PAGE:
Story by Derek Patterson/Griffins
Grand Rapids, Mich. - After the Western Michigan University hockey team was eliminated in the second round of the NCAA Men’s Ice Hockey Tournament, Drew Worrad quickly moved into the pro ranks and signed a deal with the Grand Rapids Griffins that extended from the end of the 2021-22 season through the 2022-2023 campaign.
Before Worrad went to Kalamazoo, he competed in the Greater Ontario Junior Hockey League (GOJHL), the Ontario Junior Hockey League (OJHL) and the Manitoba Junior Hockey League (MJHL).
He enjoyed his most success during his final season in the MJHL where he played for the Steinbach Pistons in 2017-18. Worrad was a big part of helping the Pistons to a league and ANAVET cup title, as he finished second on the team with 75 points (26-49—75). Steinbach finished the campaign competing for the Canadian Junior “A” Championship but failed to lift the trophy. Worrad also earned a spot on the MJHL First All-Star Team, the league’s “Hockey Ability and Sportsmanship Award” and the league's playoff MVP.
During his time at Western Michigan, Worrad established himself as an elite passer of the puck, having earned double-digit assists in his final three seasons at the collegiate ranks. From 2019-22, Worrad accumulated a total of 63 helpers. Worrad was also a part of aiding WMU hockey grow into a national powerhouse, as it earned its first-ever national tournament win during his final campaign with the Broncos.
At the conclusion of his final season at WMU, Worrad immediately found a professional home with the Griffins. Like any young athlete, they take everything into consideration before making the next step. Worrad ultimately decided that the best decision was to start his professional career.
“Near the end of my season at WMU, I got in contact with Jiri Fischer of the Red Wings. He reached out and expressed interest in me.” Worrad said. “I was able to meet with him and Shawn [Horcoff] and talk with them and get to know what the process was going to be like and what they expected from me. After [WMU] lost in the national tournament, [the Griffins] contacted me and asked me if I wanted to sign and play the following weekend. Before I made a decision, I talked with my family and academic advisor, and we collectively decided that signing with the Griffins would be the best decision for me.”
For the last couple seasons, Worrad has been an established veteran to younger guys in the Broncos’ locker room. Since arriving in Grand Rapids, the roles have been reversed to where he turns to the experienced skaters for help and guidance.
“It’s kind of like a full circle where you go from being a fourth-year guy on your university’s program to being a first-year guy on a professional team,” Worrad added. “My teammates have been great so far. I’ve had a lot of guys take me under their wing and show me the little things whether it has to do with the systems we run or just being a professional. It's been a challenging adjustment for sure, but the guys have been great and have made it easier.”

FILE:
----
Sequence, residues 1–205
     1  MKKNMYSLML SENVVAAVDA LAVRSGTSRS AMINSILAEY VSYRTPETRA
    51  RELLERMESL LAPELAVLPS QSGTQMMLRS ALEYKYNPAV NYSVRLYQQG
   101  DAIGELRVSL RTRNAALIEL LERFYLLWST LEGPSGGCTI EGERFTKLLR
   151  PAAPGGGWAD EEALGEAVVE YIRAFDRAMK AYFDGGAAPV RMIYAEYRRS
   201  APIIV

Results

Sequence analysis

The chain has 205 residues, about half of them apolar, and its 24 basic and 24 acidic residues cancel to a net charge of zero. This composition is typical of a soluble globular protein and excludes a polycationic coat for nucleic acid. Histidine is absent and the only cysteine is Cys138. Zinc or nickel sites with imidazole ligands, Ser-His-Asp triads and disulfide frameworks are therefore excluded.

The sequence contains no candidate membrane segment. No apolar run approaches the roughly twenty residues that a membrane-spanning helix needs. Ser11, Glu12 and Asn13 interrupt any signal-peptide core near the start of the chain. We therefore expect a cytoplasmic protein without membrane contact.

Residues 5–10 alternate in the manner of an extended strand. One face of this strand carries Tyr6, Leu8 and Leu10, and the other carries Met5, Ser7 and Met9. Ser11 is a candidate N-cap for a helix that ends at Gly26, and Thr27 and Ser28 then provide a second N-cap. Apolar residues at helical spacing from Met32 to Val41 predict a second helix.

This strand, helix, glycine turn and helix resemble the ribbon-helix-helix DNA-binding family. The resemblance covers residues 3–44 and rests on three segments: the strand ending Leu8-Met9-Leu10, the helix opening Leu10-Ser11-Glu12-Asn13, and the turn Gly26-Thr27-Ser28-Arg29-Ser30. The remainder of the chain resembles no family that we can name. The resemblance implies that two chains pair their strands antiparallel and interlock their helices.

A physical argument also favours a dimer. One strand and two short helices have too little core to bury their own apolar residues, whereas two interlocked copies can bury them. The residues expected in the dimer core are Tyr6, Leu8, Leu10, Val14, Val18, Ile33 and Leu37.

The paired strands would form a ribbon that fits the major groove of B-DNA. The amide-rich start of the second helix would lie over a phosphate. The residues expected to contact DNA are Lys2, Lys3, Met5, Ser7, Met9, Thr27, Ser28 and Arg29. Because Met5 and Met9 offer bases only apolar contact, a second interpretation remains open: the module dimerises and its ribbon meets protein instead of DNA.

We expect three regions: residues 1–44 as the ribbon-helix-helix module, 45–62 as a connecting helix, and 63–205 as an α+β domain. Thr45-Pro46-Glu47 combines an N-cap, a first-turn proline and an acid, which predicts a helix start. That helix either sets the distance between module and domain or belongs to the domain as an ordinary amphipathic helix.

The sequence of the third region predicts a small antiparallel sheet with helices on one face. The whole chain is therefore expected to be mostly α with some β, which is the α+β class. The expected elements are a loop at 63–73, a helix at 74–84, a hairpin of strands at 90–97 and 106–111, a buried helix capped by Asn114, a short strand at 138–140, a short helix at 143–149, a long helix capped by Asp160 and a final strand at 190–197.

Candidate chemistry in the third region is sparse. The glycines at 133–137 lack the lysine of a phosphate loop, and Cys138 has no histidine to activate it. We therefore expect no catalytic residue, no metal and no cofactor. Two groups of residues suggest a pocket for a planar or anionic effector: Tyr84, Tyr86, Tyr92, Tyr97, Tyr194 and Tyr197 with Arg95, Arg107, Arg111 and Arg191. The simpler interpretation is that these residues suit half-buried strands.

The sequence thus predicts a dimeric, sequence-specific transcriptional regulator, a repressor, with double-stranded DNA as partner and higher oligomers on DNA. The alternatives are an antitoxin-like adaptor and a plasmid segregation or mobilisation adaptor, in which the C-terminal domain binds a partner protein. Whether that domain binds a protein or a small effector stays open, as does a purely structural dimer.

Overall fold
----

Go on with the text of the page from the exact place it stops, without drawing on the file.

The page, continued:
Since arriving in Grand Rapids participating in practices and getting some ice time as a pro, Worrad has noticed some different ways to prep and get ready for a game. The older players have also taken him under their wing and shown him ways he can be better on the ice.
“Any time you’re in a new spot you’re going to have new systems you have to learn and learn new ways of going about things.” Worrad commented. “For example, there's different systems in the defensive zone that I need to be aware of and the different style of play that I need to adjust to as a pro. I’ve been in a handful of defensive meetings where the coaches went over the systems, which also gave the veterans an opportunity to help me with my assignments on the ice. Ultimately, at the end of the day they want me to play my game and trust in myself.”
After making the move to pro hockey, Worrad immediately saw the differences in the build of the skaters from their size to their strength. However, the biggest contrast he saw from college to the pros, was the intellect and the better stick handling the players have.
“Everyone here is a little smarter and the defense has better sticks. Everyone is also very sound,” Worrad explained. “There's the obvious differences you start to notice right away like the size and strength of some skaters. It's been nice to get into games and get used to those differences and get used to the professional style.”
Being signed with just one month remaining on the schedule, Worrad already had the offseason and next season in the back of his mind and what he can do to get better to continue helping the Griffins. The most important thing that he has in mind is increasing his size and speed to keep up with the more physically-gifted skaters the AHL has to offer.
“This is my profession now and I want to make sure I’m doing everything I can to be the best that I can be,” Worrad said. “There’s the physical training off the ice that I really need to focus on. I know I need to put on some weight as well as get faster so I can be successful at this level. Then there's the little stuff like edge passing and shooting in addition to stick handling.”
Worrad has gotten off to a very quick start, as he earned his first AHL point in his second game against Toronto when he racked up two assists. He also scored his first pro goal in his seventh outing against Rockford. Worrad has produced four points (1-3—4) in nine games this campaign.
With only two contests remaining in the regular season, Worrad looks forward to having a strong offseason and helping the Griffins reach the Calder Cup Playoffs in 2022-23.
Photo by Nicolas Carrillo/Griffins